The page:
No doubt the administration is reluctant to provide the justifications in a timely fashion because it will be immediately criticized and the administration will be held accountable. Even to find out what facts may be available the ACLU had to file a lawsuit. Even if legal basis does stand up to criticism the problem of civilian casualties still stands. The estimate given in this article is very low actually. It seems to be the preferred estimate now. This is from the Huffington Post.
State Department To Produce Legal Justification for Drone Attacks
State Department Legal Adviser Harold Koh has promised to produce the Obama administration's legal justification for its increased use of drone strikes to kill suspected terrorists, reports Shane Harris of the National Journal.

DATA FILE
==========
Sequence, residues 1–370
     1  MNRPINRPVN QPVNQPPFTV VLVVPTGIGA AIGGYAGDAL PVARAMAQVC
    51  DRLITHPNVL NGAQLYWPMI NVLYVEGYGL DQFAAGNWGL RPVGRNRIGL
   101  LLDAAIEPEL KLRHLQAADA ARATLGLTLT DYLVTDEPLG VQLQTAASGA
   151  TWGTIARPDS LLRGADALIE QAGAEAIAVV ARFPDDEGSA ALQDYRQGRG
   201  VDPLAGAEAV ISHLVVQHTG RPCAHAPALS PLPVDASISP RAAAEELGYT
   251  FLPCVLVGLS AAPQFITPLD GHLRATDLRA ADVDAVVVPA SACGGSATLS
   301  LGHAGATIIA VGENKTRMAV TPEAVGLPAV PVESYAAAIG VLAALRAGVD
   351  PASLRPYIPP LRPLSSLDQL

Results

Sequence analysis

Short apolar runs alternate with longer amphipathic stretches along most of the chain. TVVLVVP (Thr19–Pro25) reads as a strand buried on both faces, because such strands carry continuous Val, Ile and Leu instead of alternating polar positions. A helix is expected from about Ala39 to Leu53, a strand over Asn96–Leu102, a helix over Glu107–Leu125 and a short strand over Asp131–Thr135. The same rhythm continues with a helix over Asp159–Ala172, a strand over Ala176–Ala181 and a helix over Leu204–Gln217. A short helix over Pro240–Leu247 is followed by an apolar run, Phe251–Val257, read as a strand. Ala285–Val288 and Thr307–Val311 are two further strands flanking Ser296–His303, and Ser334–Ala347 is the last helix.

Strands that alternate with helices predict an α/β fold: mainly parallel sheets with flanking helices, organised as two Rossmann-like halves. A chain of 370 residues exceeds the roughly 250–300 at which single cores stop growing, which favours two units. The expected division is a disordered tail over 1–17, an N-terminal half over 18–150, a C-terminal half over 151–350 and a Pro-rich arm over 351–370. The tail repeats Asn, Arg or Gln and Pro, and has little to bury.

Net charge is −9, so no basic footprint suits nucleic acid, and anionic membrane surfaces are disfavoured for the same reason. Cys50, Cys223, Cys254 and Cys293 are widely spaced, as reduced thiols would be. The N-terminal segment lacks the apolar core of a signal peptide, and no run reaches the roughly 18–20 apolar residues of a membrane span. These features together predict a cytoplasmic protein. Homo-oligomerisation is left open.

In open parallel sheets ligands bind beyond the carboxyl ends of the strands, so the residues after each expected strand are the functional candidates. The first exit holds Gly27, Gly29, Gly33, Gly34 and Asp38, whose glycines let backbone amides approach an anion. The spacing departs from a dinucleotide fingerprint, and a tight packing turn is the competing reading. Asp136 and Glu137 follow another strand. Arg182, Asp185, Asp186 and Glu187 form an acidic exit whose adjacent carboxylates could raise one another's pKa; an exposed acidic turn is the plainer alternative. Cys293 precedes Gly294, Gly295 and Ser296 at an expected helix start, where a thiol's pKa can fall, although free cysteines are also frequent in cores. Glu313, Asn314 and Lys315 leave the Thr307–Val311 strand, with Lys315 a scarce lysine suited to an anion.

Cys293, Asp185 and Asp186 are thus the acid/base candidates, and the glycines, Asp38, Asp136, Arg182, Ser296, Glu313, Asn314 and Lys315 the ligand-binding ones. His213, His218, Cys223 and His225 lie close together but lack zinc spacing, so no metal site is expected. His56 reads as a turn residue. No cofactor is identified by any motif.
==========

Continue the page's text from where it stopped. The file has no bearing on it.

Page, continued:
"I have studied this question," Koh told the audience at an American Bar Association breakfast yesterday. "I think that the legal objections that are being put on the table are ones that we are taking into account. I am comfortable with the legal position of the administration, and at an appropriate moment we will set forth that in some detail."
Let's hope that "appropriate moment" comes pretty soon, because controversy over the drone attacks is heating up. The ACLU in January filed a FOIA request asking the government to turn over that legal justification, as well as the facts underlying it. Then this week, after receiving a response from the CIA that it can neither confirm nor deny the existence of any relevant documents, the ACLU filed a lawsuit.
Meanwhile, as Adam Serwer points out at The American Prospect, a New America Foundation study raises concerns that about a third of the victims of drone attacks have been civilians, and international lawyers have been debating for months now whether the targeted killings violate international law. (Jane Mayer's story on drone attacks in the New Yorker last October does an excellent job of laying out the controversy.)